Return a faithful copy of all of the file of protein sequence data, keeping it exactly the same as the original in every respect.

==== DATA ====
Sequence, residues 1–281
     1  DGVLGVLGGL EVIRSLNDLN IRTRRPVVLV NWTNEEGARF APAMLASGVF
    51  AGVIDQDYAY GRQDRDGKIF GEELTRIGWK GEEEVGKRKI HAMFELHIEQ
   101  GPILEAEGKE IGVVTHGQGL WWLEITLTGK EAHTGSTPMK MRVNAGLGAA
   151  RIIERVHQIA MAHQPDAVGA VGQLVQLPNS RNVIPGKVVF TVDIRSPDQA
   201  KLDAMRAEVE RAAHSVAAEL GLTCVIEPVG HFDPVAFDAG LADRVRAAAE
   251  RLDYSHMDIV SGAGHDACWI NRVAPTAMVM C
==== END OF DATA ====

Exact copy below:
Sequence, residues 1–281
     1  DGVLGVLGGL EVIRSLNDLN IRTRRPVVLV NWTNEEGARF APAMLASGVF
    51  AGVIDQDYAY GRQDRDGKIF GEELTRIGWK GEEEVGKRKI HAMFELHIEQ
   101  GPILEAEGKE IGVVTHGQGL WWLEITLTGK EAHTGSTPMK MRVNAGLGAA
   151  RIIERVHQIA MAHQPDAVGA VGQLVQLPNS RNVIPGKVVF TVDIRSPDQA
   201  KLDAMRAEVE RAAHSVAAEL GLTCVIEPVG HFDPVAFDAG LADRVRAAAE
   251  RLDYSHMDIV SGAGHDACWI NRVAPTAMVM C